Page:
If every anniversary is worth celebrating, some deserve the status of a truly special occasion. We trust you will agree that 150 years is very special indeed, and in that spirit hope you enjoy the souvenir edition of The Engineer that accompanies this issue.
The automobile, the aircraft, the telephone, television and the computer were all in the future. Today we invite you to share in some of that history as seen through the eyes of The Engineer at the time. We have reproduced and placed on the internet a selection of ‘classic’ articles, ranging from the very first issue of the magazine to the space age. Visit www.theengineer.co.uk/150years to find out more.
First and foremost, we are pleased to share these with the current readers of The Engineer. You are the most important element of the magazine’s continuing history, for without readers a publication is nothing more than a private indulgence.
Yet it is to be hoped that a wider audience will also take an interest in these unique historical archives. When The Engineer described the first television pictures, or Edison’s light or the Spitfire engine that would help win the war, it was recording the history not just of engineering and technology, but of the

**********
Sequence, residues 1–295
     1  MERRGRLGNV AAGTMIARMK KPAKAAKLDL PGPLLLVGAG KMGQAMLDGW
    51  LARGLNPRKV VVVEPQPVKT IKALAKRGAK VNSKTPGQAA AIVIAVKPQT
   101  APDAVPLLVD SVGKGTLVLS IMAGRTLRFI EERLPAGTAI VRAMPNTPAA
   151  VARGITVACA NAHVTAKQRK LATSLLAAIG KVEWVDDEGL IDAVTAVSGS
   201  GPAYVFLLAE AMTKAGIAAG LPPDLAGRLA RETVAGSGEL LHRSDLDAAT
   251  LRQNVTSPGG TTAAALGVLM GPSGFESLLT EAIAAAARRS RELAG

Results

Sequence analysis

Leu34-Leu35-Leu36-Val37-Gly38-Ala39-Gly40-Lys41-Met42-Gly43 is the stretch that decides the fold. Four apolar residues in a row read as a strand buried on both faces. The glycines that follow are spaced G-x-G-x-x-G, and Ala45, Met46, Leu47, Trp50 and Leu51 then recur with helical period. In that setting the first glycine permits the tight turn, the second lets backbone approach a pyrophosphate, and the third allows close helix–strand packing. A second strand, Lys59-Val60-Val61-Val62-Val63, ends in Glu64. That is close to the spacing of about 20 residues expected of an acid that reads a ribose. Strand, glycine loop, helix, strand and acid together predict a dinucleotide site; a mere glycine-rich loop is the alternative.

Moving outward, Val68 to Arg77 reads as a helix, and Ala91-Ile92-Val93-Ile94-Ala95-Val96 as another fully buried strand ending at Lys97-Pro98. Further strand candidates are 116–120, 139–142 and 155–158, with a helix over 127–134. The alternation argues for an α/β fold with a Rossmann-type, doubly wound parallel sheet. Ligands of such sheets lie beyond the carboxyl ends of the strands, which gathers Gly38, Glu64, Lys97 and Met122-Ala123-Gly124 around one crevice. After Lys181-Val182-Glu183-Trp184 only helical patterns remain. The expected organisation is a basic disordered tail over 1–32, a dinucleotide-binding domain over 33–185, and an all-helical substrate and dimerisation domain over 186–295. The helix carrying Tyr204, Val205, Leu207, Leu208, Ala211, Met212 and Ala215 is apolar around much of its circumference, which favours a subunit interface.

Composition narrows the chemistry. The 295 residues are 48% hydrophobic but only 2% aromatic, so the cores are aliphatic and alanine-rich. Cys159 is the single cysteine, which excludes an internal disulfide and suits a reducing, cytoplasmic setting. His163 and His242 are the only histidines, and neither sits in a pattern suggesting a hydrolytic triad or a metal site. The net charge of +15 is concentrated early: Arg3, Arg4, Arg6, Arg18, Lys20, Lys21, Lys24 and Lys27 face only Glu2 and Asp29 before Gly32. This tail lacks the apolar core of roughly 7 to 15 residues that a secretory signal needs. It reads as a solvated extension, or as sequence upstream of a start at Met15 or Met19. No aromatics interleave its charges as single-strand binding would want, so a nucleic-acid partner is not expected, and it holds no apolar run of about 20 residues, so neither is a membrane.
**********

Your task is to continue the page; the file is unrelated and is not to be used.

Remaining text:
We are frequently told that engineers are less valued than they once were, that they provide few role models and that their work fails to inspire the population at large. Hopefully, access to The Engineer’s accounts of the genesis of some of the technical wonders of the age will go some way to redressing this.
Inspiration, in particular, is in plentiful supply from the journal’s earliest days. Even in 1856 there was a palpable sense of excitement in the pages of The Engineer about the possibilities that lay ahead.
In its opening message to its readers, the new publication described the importance of what it described as the ‘industrial sciences’ to the advance of civilisation and civilised values.
The Engineer identified ‘the science of the application of science’ as the root of progress. It pointed out that without this application the principles of physics would remain only ‘beautiful theories’. It is the application of science that has ‘rendered them available to the purposes of life’.
After a century and a half it is difficult to conceive of a more worthy and inspiring definition of engineering than ‘the science of the application of science’.
All those involved in that application in 2006 can share pride in the huge achievements of the past and look forward to a future of enormous possibilities.
Andrew Lee, editor